September 21, 2011

REVIEW: Lou Rodriguez MF

I'll be straight up. Until my business partner Mario got back from the Rocky Mountain Cigar Festival a few weeks ago, I had never heard of Lou Rodriguez cigars. I try to read as much as possible and talk to as many people as possible about cigars, but I'm sure more than a handful of cigar brands slip through the cracks of my knowledge. This was the case with Lou Rodriguez.

In the past few weeks I have tried several of the blends from this company and have found them to be quite a nice little surprise. Then Mario and I received a package in the mail of a limited edition stick from Lou called the Lou Rodriguez MF.

A quote from Lou Rodriguez about the MF:
Dan great speaking with you tonight. Just wanted to give you a little bit of info about what you were smoking tonight. It is the Lou Rodriguez MF (MF for Matafina). It is also been referred to as our secret cigar since we do not advertise this on our website or brochures. It is tobacco which I have set aside from long term aging from Nicaragua along with a Brazilian Matafina wrapper. We only rolled 2000 of which 1500 are for sale to exclusive retailers only. Each with a dated box to show the vintage. 

It was nice to talk to you also Lou. Now, on to the review.

Vitola: Box-pressed torpedo
Length: 6
Ring Gauge: 52
Wrapper: Brazilian Matafina
Binder: Nicaraguan
Filler: Nicaraguan
Price: $?
Smoking Location: House of Cigar
Beverage: Water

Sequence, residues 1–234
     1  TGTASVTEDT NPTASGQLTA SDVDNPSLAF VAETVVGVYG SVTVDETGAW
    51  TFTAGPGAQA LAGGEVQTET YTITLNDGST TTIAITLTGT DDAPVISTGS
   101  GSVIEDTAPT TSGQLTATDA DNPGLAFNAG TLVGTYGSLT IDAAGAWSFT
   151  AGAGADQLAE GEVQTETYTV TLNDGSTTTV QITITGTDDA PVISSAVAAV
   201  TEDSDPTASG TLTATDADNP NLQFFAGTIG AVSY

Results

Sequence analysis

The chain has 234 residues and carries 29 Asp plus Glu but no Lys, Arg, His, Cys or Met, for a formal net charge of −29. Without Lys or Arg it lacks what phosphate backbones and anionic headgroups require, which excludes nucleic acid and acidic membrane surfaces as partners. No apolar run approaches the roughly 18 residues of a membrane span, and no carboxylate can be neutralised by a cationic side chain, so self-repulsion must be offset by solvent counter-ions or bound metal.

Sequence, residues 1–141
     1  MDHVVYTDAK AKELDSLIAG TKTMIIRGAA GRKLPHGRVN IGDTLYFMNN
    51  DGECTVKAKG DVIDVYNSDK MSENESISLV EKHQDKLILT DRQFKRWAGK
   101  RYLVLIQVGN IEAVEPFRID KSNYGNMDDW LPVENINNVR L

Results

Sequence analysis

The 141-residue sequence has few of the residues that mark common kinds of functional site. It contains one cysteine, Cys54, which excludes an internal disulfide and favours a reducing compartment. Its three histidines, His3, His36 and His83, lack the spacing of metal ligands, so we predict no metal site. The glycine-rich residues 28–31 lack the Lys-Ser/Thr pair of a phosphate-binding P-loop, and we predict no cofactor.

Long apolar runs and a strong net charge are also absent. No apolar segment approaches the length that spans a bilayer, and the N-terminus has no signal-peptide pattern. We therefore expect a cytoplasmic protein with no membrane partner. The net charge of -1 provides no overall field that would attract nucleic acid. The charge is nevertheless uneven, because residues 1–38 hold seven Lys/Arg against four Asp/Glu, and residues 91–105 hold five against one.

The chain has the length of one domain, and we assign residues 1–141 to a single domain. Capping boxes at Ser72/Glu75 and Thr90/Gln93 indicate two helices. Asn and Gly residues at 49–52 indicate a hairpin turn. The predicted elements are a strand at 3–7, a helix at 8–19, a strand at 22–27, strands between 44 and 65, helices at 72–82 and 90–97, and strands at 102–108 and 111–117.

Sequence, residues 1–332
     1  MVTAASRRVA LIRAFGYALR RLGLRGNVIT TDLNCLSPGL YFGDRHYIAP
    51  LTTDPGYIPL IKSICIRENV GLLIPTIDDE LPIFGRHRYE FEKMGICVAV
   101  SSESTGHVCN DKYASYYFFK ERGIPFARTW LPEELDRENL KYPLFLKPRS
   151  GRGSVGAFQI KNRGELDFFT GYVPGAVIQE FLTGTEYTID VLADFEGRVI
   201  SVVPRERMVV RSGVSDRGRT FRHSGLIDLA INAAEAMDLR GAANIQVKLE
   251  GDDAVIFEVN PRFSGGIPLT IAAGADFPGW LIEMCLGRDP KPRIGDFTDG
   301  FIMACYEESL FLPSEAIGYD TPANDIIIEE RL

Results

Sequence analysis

First thing I noticed when holding my Lou Rodriguez MF was how nicely box pressed the cigar was. I'm not normally not a big fan of box pressed cigars, but for this vitola it seemed to work well. The second thing that really stood out was the elegant band design. I know who designed this band and I am a fan of his work. This is another good example of it. The cigar's wrapper had a medium brown color with some simple veins that were not too distracting form the over all look. The pre-lit aroma made my nose tingle and smelled like a barnyard. I used V-cut on this cigar (another thing I don't normally do) and the draw on the cigar was excellent. The flavor I got from the unlit cigar was a strong cedar taste. 

First Third   
Lighting up my Lou Rodriguez MF was very simple and and the draw pulled large amounts of smoke right from the beginning. Like I said above, I don't normally do V-cuts, but the draw it created on this cigar was so nice that I might do more of them in the future. The most prominent flavor I was picking up from this stick was not on the front of the profile but on the finish and that was a nice cinnamon note. If you've read any of my reviews before you will know that I love this flavor in cigars. What I did taste on the front of each draw was some slight cedar, but it was mostly muted and had just a creamy smoke taste. The cigar settled in right in the medium range. A good start.